"Snow White And The Huntsman" Reinvents Classic Fairytale
By Dan Gvozden
Over the past several years cinemas have been flooded with modern adaptations of older stories and this summer is no different. Film after film, weekend after weekend, these contemporary remakes are seeking to find their own unique take on a classic story while also hoping that audiences find something new in the material. It's a hard thing to reinvent a fairytale as iconic as Snow White, particularly because it has been re-told so many times. With Snow White and the Huntsman, has first-time director Rupert Sanders taken a bite out of a fresh or poisoned apple?
Sanders' take on the classic Brothers Grimm fairytale immediately sets itself apart from any adaptation of the material ever seen. If there was ever a time to say, "This isn't your daddy's ______," this is that time. It's as if Snow White and the Huntsman is the result of a group of people gathering to discuss how they might update the story of Snow White, so as to draw in modern crowds and the ever-coveted market of teenage boys, and what they decided on was that they would create the most nightmare-inducing version of the tale imaginable.
Imagery in Snow White and the Huntsman is unforgettable at every moment, in both its horror and beauty; in one moment ravens splatter against stone and in the next a great elk with majestic wooden antlers commands a forest clearing.
Many of these powerful images are directly inspired, if not stolen, from the best films of the genre. If one is going to steal, why not steal from the absolute best? Sanders is able to conjure the sweeping landscapes of Peter Jackson's Lord of the Rings, the creature design of Guillermo del Toro's Pan's Labyrinth, the dreamy magic of Hayao Miyasaki's Princess Mononoke, and he's covered it all up with the mud of Terry Gilliam's Jabberwocky.
While Snow White and the Huntsman plays out exactly as one might assume, its the small changes in the story and tone that make all the difference. The biggest story change surrounds that of the evil Queen named Ravenna (Charlize Theron) who, in this adaptation, must kill Snow White (Kristen Stewart) in order to prevent the loss of her magical, anti-aging powers.
So when Snow White escapes from her prison, deep within Ravenna's castle dungeon, it is up to the drunken and recently widowed huntsman (Chris Hemsworth) to retrieve her heart.
The journey on which Snow White and the huntsman embark, after joining forces, is full of wonderful set pieces as they square off against trolls, a forest that feeds off their fears, and eventually the famous dwarfs. Each of these moments is rousing and exciting, but after a while, the sheer number of new things to be introduced does leave the middle of Snow White and the Huntsman feeling a bit overstuffed.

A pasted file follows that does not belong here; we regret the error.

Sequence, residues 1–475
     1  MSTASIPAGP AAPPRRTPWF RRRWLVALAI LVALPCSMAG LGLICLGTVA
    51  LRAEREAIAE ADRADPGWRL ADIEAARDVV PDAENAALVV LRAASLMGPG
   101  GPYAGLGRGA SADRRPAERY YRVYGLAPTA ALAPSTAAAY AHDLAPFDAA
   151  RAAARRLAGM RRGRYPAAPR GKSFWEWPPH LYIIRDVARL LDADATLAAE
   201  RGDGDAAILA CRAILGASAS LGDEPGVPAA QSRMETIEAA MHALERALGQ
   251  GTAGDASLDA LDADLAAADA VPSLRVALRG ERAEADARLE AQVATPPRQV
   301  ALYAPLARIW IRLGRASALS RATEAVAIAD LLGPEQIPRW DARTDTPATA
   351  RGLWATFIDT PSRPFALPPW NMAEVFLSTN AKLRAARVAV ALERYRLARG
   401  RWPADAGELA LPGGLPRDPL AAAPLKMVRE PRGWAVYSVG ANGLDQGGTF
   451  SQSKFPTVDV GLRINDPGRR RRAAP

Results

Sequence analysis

This has the unintended effect of weakening the motivations of the minor characters in the film. Even Ravenna is given an unconvincing backstory to flesh out her motivations and desires, rendering her as just another overly angry villain.
With a few less ideas, each of these additions to Snow White's story could have felt interesting and purposeful. A number of elements in Snow White and the Huntsman, such as the dwarfs, feel as if they only belong in the movie because of their origins in the source material.
While Snow White and the Huntsman's story might not fit together in the most comfortable and airtight of ways, it makes up for it by being bold and daring in every other way. The most obvious and successful of these ways is in the performance of the always beautiful and statuesque Charlize Theron as the evil Ravenna. Theron doesn't just chew on the scenery; she devours it whole.
Her performance walks that fine line between absurdist humor and frightening malice with such control and precision that it results in something frighteningly insane. Ravenna's story might not be the most interesting ever put on screen, but her stunning beauty does a wonderful job of offsetting her inherent insanity so as to create an ever-shifting and dynamic relationship with the audience.
In the same token, the budding relationship between Kristen Stewart and Chris Hemsworth is never fully realized or explored, which allows it to quietly bubble below the surface. This works well with the more restrained performances of Stewart and Hemsworth. Stewart does a decent job as Snow White, which is commendable considering the impossible job that she is given in outshining the beauty of Charlize Theron. Although a fine actress who knows how to work with her environment to create a believable and nuanced performance, Stewart's style of acting seems strangely modern for the medieval setting of Snow White and the Huntsman. How could her modern beauty ever stand a chance against the timeless, confident beauty of Theron?
While not all of the elements that make up most of Snow White and the Huntsman work perfectly together, the film is able to come together for a rousing finale that will have audiences questioning everything they ever knew about Snow White. The film is overstuffed with beautiful imagery, special effects and interesting concepts that it is hard to fault it for trying.
So while Snow White and the Huntsman might not be the fairest of them all, it's far from a poisoned apple. It's more like an apple that has been genetically altered to have too many healthy ingredients so that the overall taste is diluted.
Read more of Dan Gvozdens movie reviews at his website, Grind My Reels.